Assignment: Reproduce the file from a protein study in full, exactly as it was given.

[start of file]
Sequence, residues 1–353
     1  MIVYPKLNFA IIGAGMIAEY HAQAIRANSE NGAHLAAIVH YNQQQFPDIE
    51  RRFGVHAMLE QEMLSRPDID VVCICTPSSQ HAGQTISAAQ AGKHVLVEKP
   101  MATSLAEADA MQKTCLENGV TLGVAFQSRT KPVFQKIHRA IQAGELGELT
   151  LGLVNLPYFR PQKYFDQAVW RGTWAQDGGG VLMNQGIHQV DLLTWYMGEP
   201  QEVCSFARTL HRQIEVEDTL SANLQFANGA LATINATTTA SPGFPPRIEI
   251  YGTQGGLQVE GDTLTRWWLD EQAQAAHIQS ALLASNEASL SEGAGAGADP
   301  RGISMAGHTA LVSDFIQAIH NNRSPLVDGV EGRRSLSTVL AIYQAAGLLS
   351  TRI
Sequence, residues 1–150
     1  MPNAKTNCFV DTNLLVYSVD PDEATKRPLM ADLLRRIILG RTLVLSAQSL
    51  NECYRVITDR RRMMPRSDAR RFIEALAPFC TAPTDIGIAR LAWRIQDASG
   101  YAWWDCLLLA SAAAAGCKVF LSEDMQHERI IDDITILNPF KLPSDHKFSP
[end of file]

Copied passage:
Sequence, residues 1–353
     1  MIVYPKLNFA IIGAGMIAEY HAQAIRANSE NGAHLAAIVH YNQQQFPDIE
    51  RRFGVHAMLE QEMLSRPDID VVCICTPSSQ HAGQTISAAQ AGKHVLVEKP
   101  MATSLAEADA MQKTCLENGV TLGVAFQSRT KPVFQKIHRA IQAGELGELT
   151  LGLVNLPYFR PQKYFDQAVW RGTWAQDGGG VLMNQGIHQV DLLTWYMGEP
   201  QEVCSFARTL HRQIEVEDTL SANLQFANGA LATINATTTA SPGFPPRIEI
   251  YGTQGGLQVE GDTLTRWWLD EQAQAAHIQS ALLASNEASL SEGAGAGADP
   301  RGISMAGHTA LVSDFIQAIH NNRSPLVDGV EGRRSLSTVL AIYQAAGLLS
   351  TRI
Sequence, residues 1–150
     1  MPNAKTNCFV DTNLLVYSVD PDEATKRPLM ADLLRRIILG RTLVLSAQSL
    51  NECYRVITDR RRMMPRSDAR RFIEALAPFC TAPTDIGIAR LAWRIQDASG
   101  YAWWDCLLLA SAAAAGCKVF LSEDMQHERI IDDITILNPF KLPSDHKFSP